Skip to Content, Navigation, or Footer.

Student activists protest global gag rule on reproductive health

The protest took place on the two year anniversary of the rule's revival


ASU student members of Fight for Her Arizona protest at the Memorial Union in Tempe, Arizona, on Wednesday, Jan. 23, 2019.

A group of student activists participated in a “die-in” protest outside ASU’s Memorial Union on Wednesday to protest the ongoing ban on U.S. funding to international organizations that provide or discuss abortion services know as the global gag rule.

The event was part of the #Fight4HER campaign by Population Connection Action Fund, an activist effort that emerged following the inauguration of President Donald Trump. The group’s mission is to mobilize action against the gag rule and to stir support for the Global Health, Empowerment and Rights Act which would reverse it.

John Kircher, the political director for #Fight4HERAZ and a junior majoring in political science, said that the gag rule “kills millions of women around the world” every year not only by denying them access to abortions, but by taking funding from organizations that even discuss the procedure as an option. 

“We’re trying to encourage (the bill) to actually be taken to the House for a vote so we could actually repeal the global gag rule once and for all,” Kircher said. 

The gag rule is not unique to the Trump administration — a version of it, known as the Mexico City Policy, was first introduced by former President Ronald Reagan in 1984. Since then, the policy has been enforced during all subsequent Republican administrations and rescinded during all Democratic administrations.  

The version issued by the Trump administration on Jan. 23, 2017 earned its name by saying, for the first time, that organizations that even discuss abortion or advocate for abortion law reform will be barred from receiving millions of dollars in family planning funds and U.S. global health aid. The ruling applies to foreign organizations regardless of whether abortion is legal in the country they operate in. 

According to a presidential memo, the administration reinstated the global gag rule "to ensure that U.S. taxpayer dollars do not fund organizations or programs that support or participate in the management of a program of coercive abortion or involuntary sterilization."

The rule has already made an impact in other countries — not only on the availability of abortion services, but on the ability of international aid organizations to provide other services, such as prevention and treatment of HIV/AIDS and malaria, as well as support for maternal health.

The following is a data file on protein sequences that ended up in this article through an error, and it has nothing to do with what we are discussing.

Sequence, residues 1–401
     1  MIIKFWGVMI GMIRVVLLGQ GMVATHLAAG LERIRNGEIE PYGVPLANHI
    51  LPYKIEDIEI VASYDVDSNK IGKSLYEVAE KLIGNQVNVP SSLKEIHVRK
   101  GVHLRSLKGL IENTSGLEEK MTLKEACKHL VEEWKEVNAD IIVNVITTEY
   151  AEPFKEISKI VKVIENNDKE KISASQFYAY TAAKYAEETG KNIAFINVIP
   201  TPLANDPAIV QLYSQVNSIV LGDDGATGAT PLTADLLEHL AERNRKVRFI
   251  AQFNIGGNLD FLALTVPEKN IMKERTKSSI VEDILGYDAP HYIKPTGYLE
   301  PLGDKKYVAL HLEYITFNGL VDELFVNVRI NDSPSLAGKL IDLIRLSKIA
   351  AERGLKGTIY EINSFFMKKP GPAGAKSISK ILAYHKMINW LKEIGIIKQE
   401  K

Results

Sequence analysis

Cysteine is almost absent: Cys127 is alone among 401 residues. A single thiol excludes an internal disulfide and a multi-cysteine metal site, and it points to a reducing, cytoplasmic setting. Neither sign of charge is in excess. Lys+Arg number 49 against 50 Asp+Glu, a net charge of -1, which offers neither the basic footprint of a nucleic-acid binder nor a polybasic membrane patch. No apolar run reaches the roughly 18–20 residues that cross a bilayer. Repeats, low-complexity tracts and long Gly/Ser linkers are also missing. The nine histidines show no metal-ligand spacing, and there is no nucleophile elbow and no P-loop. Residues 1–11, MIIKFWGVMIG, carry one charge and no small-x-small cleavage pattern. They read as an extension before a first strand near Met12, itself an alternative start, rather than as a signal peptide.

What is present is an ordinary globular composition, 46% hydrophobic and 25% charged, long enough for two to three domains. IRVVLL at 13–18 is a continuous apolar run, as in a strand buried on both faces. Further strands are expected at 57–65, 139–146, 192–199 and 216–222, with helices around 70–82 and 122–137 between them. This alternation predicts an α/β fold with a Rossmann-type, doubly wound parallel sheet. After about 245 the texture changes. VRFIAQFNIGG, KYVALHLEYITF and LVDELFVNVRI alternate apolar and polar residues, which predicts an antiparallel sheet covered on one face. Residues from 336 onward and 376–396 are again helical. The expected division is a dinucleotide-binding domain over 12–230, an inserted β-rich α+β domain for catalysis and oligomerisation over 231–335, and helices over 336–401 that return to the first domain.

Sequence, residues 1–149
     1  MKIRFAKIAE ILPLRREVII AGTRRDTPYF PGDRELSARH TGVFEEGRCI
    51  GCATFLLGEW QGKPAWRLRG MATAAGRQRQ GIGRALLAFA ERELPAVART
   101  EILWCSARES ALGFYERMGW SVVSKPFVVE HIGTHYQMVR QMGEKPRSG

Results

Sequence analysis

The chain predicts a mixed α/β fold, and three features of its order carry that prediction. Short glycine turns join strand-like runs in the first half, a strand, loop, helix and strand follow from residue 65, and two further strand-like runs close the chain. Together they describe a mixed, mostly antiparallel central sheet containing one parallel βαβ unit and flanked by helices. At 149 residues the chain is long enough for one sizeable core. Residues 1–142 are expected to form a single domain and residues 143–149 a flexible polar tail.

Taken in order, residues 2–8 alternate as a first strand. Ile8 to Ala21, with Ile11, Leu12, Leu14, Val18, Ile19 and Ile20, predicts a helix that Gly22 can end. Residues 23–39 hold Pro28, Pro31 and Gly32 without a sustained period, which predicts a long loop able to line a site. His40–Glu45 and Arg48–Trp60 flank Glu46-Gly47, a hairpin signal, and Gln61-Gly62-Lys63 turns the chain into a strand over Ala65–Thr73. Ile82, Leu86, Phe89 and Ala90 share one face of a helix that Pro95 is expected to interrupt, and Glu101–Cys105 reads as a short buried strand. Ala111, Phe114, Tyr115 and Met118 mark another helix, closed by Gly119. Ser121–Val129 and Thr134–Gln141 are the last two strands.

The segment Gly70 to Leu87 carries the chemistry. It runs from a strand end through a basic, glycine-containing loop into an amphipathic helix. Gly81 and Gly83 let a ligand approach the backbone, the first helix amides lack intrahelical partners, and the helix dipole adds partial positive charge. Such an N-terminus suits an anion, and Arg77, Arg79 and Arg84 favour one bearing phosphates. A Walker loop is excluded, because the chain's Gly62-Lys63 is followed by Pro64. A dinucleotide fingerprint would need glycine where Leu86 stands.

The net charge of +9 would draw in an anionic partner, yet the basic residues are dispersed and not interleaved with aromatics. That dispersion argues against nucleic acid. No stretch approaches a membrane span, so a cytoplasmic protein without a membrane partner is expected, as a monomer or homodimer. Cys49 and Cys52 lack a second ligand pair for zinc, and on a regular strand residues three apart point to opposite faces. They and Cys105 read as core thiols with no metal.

Protestors said the action negatively affects women who require the services provided by these organizations, representation was meant to call attention to the issue on Wednesday.

“It’s all about health, and it’s about their civil rights,” said Maher Ismail, a junior studying civil engineering and energy and sustainability.

The students who participated in the protest combined signs and chants with what they called a “die-in” demonstration, laying on the ground outside Memorial Union to convey to bystanders on campus the impact of the gag rule.

“Tons of people have died, both women and the children that are born,” Ismail said. 

The protest coincides with the two-year anniversary of the Trump administration issuing the gag rule, and occurs almost two years after the Global HER Act was introduced in the Senate on Jan. 24, 2017. 

“We have some supporters at the state level, Sen. Kyrsten Sinema is a big supporter of ours and Rep. Ruben Gallego is a big supporter of ours,” Kircher said. 

The protest was spirited, with participants chanting “my body, my choice,” “fight for her” and other phrases while encouraging bystanders to sign a petition supporting the bill.  

“This is not just our cause,” said Nisea Thurman-Wamubu, a photography major. “This is for your mother, for your grandmothers, your aunts, everybody, every woman that you come into contact with. It matters.”

Reach the reporter at and follow @vandana_rav on Twitter. 

Like The State Press on Facebook and follow @statepress on Twitter.

Continue supporting student journalism and donate to The State Press today.

Subscribe to Pressing Matters



This website uses cookies to make your experience better and easier. By using this website you consent to our use of cookies. For more information, please see our Cookie Policy.